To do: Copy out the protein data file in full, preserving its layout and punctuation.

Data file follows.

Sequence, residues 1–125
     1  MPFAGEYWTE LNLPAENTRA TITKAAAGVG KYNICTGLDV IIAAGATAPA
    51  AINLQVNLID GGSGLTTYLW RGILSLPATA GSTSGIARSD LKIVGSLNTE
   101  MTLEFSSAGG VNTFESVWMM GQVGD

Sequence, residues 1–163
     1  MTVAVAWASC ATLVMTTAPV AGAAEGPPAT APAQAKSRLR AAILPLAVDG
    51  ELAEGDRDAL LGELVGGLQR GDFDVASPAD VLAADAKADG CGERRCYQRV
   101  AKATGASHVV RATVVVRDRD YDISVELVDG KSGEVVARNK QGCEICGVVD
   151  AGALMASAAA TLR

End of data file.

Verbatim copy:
Sequence, residues 1–125
     1  MPFAGEYWTE LNLPAENTRA TITKAAAGVG KYNICTGLDV IIAAGATAPA
    51  AINLQVNLID GGSGLTTYLW RGILSLPATA GSTSGIARSD LKIVGSLNTE
   101  MTLEFSSAGG VNTFESVWMM GQVGD

Sequence, residues 1–163
     1  MTVAVAWASC ATLVMTTAPV AGAAEGPPAT APAQAKSRLR AAILPLAVDG
    51  ELAEGDRDAL LGELVGGLQR GDFDVASPAD VLAADAKADG CGERRCYQRV
   101  AKATGASHVV RATVVVRDRD YDISVELVDG KSGEVVARNK QGCEICGVVD
   151  AGALMASAAA TLR